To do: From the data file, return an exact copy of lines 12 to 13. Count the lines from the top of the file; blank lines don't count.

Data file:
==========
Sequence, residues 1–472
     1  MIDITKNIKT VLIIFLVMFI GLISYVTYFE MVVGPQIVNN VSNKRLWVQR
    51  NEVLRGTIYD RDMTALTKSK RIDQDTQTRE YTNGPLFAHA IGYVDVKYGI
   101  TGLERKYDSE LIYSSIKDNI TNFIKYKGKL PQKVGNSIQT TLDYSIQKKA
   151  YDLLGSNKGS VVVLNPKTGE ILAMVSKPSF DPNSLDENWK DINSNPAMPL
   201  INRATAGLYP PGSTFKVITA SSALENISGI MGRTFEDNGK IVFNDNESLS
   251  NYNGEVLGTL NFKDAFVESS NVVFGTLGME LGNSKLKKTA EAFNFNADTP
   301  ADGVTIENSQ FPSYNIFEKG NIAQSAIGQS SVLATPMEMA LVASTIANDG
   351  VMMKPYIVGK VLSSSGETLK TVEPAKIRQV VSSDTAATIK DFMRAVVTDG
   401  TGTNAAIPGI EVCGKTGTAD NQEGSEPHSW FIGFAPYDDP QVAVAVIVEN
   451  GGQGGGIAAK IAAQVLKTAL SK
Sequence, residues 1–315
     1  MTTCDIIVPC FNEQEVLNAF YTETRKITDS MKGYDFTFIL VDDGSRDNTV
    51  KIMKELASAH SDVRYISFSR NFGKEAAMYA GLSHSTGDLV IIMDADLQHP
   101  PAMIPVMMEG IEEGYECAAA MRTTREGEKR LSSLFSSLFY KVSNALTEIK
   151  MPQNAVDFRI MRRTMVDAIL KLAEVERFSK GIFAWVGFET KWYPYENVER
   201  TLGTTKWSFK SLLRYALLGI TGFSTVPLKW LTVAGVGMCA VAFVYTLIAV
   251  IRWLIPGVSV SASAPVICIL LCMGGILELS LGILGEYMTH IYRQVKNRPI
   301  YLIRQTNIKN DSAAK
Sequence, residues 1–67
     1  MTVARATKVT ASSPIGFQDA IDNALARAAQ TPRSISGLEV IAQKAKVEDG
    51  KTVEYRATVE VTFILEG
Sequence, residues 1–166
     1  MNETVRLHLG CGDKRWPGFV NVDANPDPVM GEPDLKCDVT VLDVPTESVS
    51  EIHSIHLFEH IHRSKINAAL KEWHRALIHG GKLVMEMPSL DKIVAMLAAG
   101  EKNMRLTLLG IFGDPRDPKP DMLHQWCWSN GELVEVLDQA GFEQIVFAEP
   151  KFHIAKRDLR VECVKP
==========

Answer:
Sequence, residues 1–315
     1  MTTCDIIVPC FNEQEVLNAF YTETRKITDS MKGYDFTFIL VDDGSRDNTV